First year of MBA school done! Wow, it went by quickly. I have one more year to go. I’m sure I’ll write some on what I’ve learned over this past year, but one of the things that has hit me is the responsibility that MBA students have. We are groomed to be the next business leaders; to run these companies and impact the world in this way. The goal is “to increase shareholder value”, an objective that I don’t like so much, as it tends to not consider any means to get there, but just the end result. As a person, I believe impact is very important. Whether this is through impacting your shareholders by giving them a return on their investment, changing the world through creating good products, or impacting someone’s life through mentorship or friendship, making a difference in the world is important.

Last night, Brian and I watched a movie about Jiro, the greatest sushi maker in the world. This man was 85 years old and still running his sushi shop. His restaurant received 3 Michelin stars; the price for sushi STARTED at $300 and went up from there, depending on the type of sushi you ordered. There were only 10 seats in the restaurant. He had several apprentices, and they had to stay for 10 years before they could move up. That is such a long time to be an apprentice!

Jiro-Dreams-of-Sushi

Jiro states that there are 5 important attributes of a good chef:

1. Take your work seriously.
2. Aspire to improve
3. Maintain cleanliness
4. Be a better leader than collaborator
5. Be passionate about your work.

I think these attributes could also be critical for business leaders (or anyone in their life, in that matter).

This man’s self discipline is incredible. His desire to improve is tantamount to no one else I’ve seen. Even as the most famous sushi master in the world, he has a humility that he hasn’t gotten it all right; there’s always room for improvement. Even in his position! If he feels like this, shouldn’t we all? It’s a healthy discontentment. He was still working at 85 years old, and was not planning on retiring. He was in quite good shape. He said that if he retired, he would go nuts and his family probably would kick him out of the house because he would be trying everyone crazy! Interestingly, he hated holidays, because it took him away from his work. He loved his work.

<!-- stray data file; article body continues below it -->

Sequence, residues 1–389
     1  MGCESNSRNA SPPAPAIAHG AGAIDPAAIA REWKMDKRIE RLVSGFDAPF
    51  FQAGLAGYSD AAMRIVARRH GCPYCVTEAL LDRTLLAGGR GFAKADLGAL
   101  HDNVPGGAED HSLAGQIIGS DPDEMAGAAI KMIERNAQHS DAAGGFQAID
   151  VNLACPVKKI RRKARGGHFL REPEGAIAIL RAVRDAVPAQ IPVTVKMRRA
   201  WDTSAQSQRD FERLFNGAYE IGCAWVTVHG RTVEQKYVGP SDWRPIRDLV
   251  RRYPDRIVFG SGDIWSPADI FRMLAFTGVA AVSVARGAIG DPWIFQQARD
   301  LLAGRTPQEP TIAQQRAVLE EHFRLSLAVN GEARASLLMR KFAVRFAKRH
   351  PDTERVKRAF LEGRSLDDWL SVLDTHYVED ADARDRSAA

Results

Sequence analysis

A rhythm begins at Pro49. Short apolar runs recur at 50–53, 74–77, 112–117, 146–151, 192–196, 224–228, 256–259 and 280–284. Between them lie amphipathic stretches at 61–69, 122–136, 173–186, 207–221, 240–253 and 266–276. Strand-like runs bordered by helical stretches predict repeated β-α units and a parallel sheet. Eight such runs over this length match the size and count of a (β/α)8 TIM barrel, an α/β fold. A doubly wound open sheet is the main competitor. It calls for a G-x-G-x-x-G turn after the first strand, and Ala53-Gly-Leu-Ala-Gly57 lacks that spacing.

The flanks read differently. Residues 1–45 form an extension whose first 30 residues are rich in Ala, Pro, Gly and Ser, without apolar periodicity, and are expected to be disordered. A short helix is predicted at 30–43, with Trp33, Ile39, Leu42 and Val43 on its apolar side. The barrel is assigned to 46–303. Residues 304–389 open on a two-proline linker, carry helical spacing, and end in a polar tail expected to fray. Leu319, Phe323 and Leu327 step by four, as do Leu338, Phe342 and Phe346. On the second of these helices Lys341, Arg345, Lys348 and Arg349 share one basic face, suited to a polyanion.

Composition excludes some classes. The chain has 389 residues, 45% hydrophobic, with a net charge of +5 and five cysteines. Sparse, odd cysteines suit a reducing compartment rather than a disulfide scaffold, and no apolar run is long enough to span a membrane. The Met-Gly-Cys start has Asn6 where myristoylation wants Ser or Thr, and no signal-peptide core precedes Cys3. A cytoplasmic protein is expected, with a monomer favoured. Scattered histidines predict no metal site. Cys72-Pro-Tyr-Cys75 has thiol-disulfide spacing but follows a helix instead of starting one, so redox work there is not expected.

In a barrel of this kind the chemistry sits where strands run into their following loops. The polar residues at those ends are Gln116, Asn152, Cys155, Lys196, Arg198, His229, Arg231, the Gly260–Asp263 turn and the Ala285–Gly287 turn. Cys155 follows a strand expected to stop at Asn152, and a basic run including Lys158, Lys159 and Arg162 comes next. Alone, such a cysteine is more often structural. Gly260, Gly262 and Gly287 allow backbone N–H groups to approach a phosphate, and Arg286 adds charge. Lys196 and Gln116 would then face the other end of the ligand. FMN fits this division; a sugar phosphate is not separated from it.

Jiro stated that he was rarely at home when his kids were growing up. He even said something to the fact that he was a bad father; he loved his work so much, that he wasn’t really present at home. He said that he LET his kids go to high school — he wanted them to start working at the restaurant and learn from him at that point, but he let them go. However, he didn’t let them go to college. They started apprenticing with him after they graduated high school. His son now has his own restaurant is very successful as well. He’s 50 years old and still works with his dad.

This got me thinking about his impact. I’m curious if his sons are bitter about his lack of presence when they were younger. Yes, they have a super famous dad, but did they miss out on something growing up that they can never get back? I think family is pretty important. I think having a strong family and safe place to grow up does wonders for a kid. It gives them the freedom to be themselves and know that they are loved unconditionally, not based on the work they produce, or how they look. It allows them to be confident and change the world, because they aren’t so afraid of being accepted or liked. Having a close relationship with your family and people older than you can help you have a proper view on life, and not just the small part that you can see at your age. It requires both parents, working as a team, not just one being there all the time, and the other absent. If Jiro had taken off 10 years of super hard work and just worked in a reasonable manner when his kids were little, would they have a closer relationship? Would it have ruined his career? I don’t think it would have ruined his career, but maybe he wouldn’t have been as successful. Does it matter? Which is more important? Which makes more impact in the world? Loving your kids and being there for them, building up strong children, and having them go out into the world and be successful themselves, or being great yourself? When does your dream take over your commitment to be there for your family, and let your children have their oven dreams? What do your pour your life into?